According to Ms Di Lorenzo’s calculations, wine lovers can save themselves half their usual intake by switching to champagne
Recent figures from the Australian Bureau of Statistics reveal more than a quarter of Australians (28.9 per cent) are mostly abstaining from alcohol, while a further 9.5 per cent are drinking less than they were this time last year.
The number of ex-drinkers in Australia has risen from 1.5million to 1.9million over the past four years.
This growing sober scene is largely fuelled by hordes of Instagram influencers who tout the benefits of their alcohol-free lifestyles online, including fitness mogul Kayla Itsines, 30, who says she hasn’t touched a drop since the age of 19.
The hospitality industry is taking note, with the nation’s first-ever non-alcoholic bar Brunswick Aces opening its doors in Melbourne on May 1, pouring a menu of more than 100 alcohol-free beers, wines and cocktails to teetotal punters.
Kayla Itsines (pictured) has been famously teetotal since the age of 19 after having nothing but negative experiences with hangovers and sickness
A former drinker’s top three tips for giving up alcohol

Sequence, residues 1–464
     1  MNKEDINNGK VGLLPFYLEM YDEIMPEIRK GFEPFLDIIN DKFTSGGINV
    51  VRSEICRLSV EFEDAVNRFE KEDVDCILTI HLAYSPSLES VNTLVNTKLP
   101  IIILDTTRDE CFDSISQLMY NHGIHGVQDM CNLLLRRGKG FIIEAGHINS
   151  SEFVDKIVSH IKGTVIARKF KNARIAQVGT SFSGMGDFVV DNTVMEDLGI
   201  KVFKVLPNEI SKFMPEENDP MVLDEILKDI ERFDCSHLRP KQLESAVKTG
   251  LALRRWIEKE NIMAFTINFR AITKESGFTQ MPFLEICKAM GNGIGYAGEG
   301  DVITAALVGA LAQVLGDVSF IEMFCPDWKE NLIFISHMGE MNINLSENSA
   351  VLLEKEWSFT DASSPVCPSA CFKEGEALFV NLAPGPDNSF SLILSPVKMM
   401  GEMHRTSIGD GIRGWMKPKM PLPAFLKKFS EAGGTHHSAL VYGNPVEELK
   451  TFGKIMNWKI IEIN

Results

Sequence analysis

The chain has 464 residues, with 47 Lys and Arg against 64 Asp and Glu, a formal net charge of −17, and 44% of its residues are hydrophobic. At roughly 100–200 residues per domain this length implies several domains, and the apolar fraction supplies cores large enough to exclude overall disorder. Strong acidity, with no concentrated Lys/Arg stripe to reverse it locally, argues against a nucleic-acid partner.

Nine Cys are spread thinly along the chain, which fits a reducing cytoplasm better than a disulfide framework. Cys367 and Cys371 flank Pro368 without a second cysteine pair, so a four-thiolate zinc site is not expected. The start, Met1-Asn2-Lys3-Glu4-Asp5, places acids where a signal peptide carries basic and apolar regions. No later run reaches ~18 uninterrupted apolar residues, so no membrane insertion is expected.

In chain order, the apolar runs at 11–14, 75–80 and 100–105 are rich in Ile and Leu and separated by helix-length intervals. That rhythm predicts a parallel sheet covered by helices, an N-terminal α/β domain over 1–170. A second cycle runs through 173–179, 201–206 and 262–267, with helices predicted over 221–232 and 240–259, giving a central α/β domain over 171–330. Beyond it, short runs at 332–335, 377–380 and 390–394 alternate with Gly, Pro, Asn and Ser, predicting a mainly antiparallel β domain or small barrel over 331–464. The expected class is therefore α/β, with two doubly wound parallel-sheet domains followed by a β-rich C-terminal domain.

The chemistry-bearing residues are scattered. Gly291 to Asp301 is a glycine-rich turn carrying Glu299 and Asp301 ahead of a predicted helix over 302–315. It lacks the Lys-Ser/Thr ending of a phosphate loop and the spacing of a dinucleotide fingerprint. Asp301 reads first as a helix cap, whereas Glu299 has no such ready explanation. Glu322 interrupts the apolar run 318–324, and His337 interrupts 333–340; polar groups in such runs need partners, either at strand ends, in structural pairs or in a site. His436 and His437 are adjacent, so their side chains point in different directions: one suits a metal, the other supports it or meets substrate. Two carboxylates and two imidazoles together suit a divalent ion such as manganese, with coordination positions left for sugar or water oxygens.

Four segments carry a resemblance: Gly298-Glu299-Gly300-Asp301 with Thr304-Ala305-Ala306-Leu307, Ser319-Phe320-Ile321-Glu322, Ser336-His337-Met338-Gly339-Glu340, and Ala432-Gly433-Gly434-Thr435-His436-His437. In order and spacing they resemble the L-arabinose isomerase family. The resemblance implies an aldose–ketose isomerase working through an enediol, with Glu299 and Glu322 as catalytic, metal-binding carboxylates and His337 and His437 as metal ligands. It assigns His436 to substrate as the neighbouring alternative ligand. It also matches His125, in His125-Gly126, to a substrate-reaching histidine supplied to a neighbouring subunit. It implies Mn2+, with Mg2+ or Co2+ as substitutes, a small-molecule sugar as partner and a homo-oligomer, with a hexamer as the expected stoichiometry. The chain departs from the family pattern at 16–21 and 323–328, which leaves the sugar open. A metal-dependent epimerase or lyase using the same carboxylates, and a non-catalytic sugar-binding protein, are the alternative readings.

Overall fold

1. Connect with the sober community
‘This can be done in whatever way works for you, but whether it’s AA, a local support group or an online forum, you need to be reaching out and talking to people,’ Ms Lionnet said.
2. Learn about alcohol
One of the things Ms Lionnet believes has kept her from relapsing is educating herself about what alcohol consumption really does to the human body.
Books she recommends include Holly Whitaker’s ‘Quit Like A Woman’ and ‘Annie’s Naked Mind’ by Annie Grace.
3. Simultaneous self-discovery
Ms Lionnet believes you need to understand why you are drinking if you want to stop.
‘You need to find out what experiences have caused you to drink and resolve them at the root,’ she said.
This can be done through therapy, participating in alcohol-free challenges or anything that works on transforming your beliefs to align with your true moral values, Ms Lionnet says.
Source: It’s Not Me It’s Booze
But while many coped with lockdown by turning away from the bottle, more than 18 months of restrictions has sent a worrying number of Australians into a spiral of heavy drinking.